It’s Thursday morning, and I am now on my primeurs home straight. I have left behind the glories of the Médoc, settling temporarily in Fronsac instead. Not because Fronsac is the centre of the Bordeaux universe (everybody knows that is Parempuyre), but because from here I can strike out on two days of visits in St Emilion and Pomerol. First, though, how did Wednesday go?
Well, thanks for asking.
The morning went very smoothly, much to my surprise. I attended the press tastings of Margaux, St Julien, Pauillac, St Estèphe, Moulis, Listrac, Médoc, Haut-Médoc, Sauternes and Barsac held at Bordeaux’s new football stadium. The first thing I had to do was get there, and having had plenty of grim experiences with the Rocade this week I planned a route which took me away from this ring road, through the Médocain countryside. This turnd out to be ridiculously successful decision, as I arrived with more than an hour to spare. At least I was able to spend some time admiring the stadium’s architecture, and I am not bitter about missing out on an extra hour’s sleep, not at all.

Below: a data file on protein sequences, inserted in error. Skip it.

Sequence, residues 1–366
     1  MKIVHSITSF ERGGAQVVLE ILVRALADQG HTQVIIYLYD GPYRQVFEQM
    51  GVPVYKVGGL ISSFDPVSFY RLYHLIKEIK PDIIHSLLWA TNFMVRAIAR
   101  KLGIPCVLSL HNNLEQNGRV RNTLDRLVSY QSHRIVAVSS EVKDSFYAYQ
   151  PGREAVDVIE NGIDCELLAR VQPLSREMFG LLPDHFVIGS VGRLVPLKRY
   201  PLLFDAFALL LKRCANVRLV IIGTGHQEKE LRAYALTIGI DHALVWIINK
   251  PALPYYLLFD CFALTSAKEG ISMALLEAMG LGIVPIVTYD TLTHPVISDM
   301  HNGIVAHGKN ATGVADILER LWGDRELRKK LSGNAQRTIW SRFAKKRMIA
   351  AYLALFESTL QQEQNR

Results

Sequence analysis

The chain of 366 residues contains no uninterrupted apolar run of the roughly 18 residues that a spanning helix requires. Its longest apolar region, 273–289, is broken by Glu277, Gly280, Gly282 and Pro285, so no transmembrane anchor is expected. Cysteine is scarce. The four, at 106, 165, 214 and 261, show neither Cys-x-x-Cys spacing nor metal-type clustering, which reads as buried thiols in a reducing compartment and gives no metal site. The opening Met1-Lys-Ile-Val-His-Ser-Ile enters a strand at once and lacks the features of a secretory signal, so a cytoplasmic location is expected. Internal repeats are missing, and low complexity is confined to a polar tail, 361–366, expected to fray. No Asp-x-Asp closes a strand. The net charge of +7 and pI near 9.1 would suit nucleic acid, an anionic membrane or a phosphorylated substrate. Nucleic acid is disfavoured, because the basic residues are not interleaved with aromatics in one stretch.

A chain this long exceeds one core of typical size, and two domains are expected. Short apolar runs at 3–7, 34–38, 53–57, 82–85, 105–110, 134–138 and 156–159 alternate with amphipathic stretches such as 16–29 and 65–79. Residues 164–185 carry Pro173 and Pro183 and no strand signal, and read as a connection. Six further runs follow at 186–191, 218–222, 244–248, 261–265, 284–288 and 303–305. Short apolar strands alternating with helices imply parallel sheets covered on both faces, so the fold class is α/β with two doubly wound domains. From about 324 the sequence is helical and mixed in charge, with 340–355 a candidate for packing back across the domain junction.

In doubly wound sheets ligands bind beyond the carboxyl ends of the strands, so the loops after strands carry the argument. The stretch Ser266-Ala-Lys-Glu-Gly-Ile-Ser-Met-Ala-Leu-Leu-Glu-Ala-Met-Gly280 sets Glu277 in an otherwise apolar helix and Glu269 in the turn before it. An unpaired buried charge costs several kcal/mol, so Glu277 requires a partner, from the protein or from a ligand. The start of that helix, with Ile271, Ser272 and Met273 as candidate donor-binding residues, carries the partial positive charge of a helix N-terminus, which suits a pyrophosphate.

Much has been made of the move to have journalists taste at the stadium, the story intertwining with many different primeurs themes. First, it was criticised because it centralised journalists away from the vineyards and châteaux, distancing them from proprietors. There were a number of proprietors on hand after the tasting, but I still think this is a valid complaint. Second, the tasting conditions were called into question, after all this is a football stadium, not a dedicated tasting room. This wasn’t an issue at all, the venue being spacious, light and bright, and just perfect for tasting. Third, the move was accompanied by a re-evaluation of the blind tasting process, undoubtedly the most controversial part of these recent changes. All tastings are now open-label.